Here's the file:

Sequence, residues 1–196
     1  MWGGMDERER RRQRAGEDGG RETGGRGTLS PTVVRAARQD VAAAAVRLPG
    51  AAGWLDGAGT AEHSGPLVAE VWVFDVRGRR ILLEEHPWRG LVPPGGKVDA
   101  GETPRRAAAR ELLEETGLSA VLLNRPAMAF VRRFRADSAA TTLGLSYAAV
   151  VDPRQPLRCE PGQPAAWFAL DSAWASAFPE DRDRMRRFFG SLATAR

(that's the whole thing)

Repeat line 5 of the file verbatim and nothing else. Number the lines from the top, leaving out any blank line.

   151  VDPRQPLRCE PGQPAAWFAL DSAWASAFPE DRDRMRRFFG SLATAR